Who: Ian Allen and Robert Redshaw
When: 15 May 2013
Law stated as at: 6 June 2013
One of the creators of “Button Moon”, a popular children’s TV show from the 1980’s, has successfully brought a claim of copyright infringement and passing off. In the case of Allen v Redshaw (2013), an attempt to argue parody as a defence was unsuccessful and highlighted that care will need to be taken by those who wish to rely on the forthcoming parody exemption from copyright infringement.
The defendant had failed to negotiate a licence with the claimant owner of the copyright works which would have allowed the defendant to produce Button Moon merchandise.
Nevertheless, the defendant proceeded to use images very similar to Button Moon characters on mugs, T-shirts and sweatshirts. The defendant asserted that he had originated the artwork which appeared on the merchandise, featuring a golden button moon and stylised rocket, which were described in the judgment as “identical or very similar” to those of the claimant. However, this assertion of originality did not prevent the judge finding that a substantial part of the original works had been copied with the result that the claimant’s copyright had been infringed.
The defendant was also found to be liable for passing off. Although Button Moon was aired in the 1980’s, the shows remain available on DVD and the claimant has continued to exploit the characters through a number of licences. Therefore, it was considered that there continues to be goodwill in relation to the Button Moon characters.
The defendant was found to have taken advantage of such goodwill, by producing and marketing merchandise containing “identical or very similar” images to the Button Moon characters. This amounted to a misrepresentation that such merchandise was licensed, official and produced in connection with the claimant.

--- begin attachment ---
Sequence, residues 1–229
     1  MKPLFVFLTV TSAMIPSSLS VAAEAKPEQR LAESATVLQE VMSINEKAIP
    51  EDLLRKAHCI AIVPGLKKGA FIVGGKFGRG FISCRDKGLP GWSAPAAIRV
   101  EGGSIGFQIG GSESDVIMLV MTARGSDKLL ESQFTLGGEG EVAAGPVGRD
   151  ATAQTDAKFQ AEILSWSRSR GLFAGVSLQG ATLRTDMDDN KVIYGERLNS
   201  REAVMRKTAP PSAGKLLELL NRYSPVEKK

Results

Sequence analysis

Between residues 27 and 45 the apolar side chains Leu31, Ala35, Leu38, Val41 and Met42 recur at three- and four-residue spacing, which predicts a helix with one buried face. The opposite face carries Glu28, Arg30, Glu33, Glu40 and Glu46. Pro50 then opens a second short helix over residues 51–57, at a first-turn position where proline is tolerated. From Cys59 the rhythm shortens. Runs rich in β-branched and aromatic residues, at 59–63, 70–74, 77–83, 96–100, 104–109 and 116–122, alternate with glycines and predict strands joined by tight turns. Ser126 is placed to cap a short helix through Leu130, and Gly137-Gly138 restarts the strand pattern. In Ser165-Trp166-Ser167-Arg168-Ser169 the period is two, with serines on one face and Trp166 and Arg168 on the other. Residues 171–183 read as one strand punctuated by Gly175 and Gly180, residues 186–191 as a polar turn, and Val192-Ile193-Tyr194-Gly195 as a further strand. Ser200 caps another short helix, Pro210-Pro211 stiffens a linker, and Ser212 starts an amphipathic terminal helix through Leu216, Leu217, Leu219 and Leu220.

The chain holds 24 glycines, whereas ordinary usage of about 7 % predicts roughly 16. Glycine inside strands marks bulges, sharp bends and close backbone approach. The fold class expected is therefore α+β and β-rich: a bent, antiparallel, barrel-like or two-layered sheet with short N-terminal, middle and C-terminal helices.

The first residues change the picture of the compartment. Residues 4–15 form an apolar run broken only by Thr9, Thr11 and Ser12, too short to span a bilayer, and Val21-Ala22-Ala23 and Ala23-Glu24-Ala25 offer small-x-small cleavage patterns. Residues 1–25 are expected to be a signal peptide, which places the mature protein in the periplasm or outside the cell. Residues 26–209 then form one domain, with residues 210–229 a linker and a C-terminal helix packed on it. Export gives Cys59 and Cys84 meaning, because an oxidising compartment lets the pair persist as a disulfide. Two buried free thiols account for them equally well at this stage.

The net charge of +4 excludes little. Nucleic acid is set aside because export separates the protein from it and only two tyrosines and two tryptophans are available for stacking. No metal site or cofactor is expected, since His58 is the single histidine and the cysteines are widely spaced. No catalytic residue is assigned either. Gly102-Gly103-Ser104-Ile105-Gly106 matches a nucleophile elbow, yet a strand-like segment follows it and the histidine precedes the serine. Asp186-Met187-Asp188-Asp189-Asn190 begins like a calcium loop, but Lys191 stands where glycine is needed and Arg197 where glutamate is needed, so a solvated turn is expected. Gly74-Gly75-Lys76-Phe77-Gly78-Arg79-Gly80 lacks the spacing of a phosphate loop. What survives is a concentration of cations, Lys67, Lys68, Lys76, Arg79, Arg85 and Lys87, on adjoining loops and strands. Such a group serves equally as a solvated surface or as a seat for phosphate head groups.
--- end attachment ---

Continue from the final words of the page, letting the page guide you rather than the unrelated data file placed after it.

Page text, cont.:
The merchandise and packaging included disclaimers as follows:
“100% unofficial, produced from original artwork & photographs independently produced without endorsement or affiliation with artists & persons depicted within”.
However, the judge considered that the words “produced from original artwork & photographs” counteracted the effect of the words “100% unofficial” and that the disclaimers were not sufficiently prominent.
Additionally, descriptions of the merchandise on retail sites included the words “Button Moon” and the defendant’s trading company described itself as “the No 1 in Licensed Retro Funky Gifts”. Therefore, this amounted to a misrepresentation that the merchandise was validly licensed and resulted in passing off.
The defendant also attempted to argue that his intention to create a “parody/ joke product” provided him with a defence.
However, the judge stated that the question of whether substantial copying of the original work had taken place was “unaffected by the Defendant’s motives”. Furthermore, she could “not see that the Defendant’s designs can properly be described as a parody of the Claimant’s designs at all. The fact that Mr Redshaw combined the rocket, etc with the wording of a recycling slogan does not, in my judgment, put the artistic works in the category of parody”. Even if the defendant’s designs had constituted a parody, this would not have provided a defence to copying a substantial part of the original work.
Why this matters:
The Government announced at the end of last year that parody will be introduced as a new exception to copyright infringement. This will potentially widen the scope for advertisers to create parodies of existing works for use in their marketing.
However, under the current law and any future law, the mere labelling of a secondary work as a parody where it is not a parody will fail to provide an excuse for copyright infringement (as highlighted in the present case).
Additionally, where a secondary work is indeed a parody, if it reproduces a substantial part of the original work but does not qualify as “fair dealing” , then whether or not it is a pastiche or parody will not avail the defendant.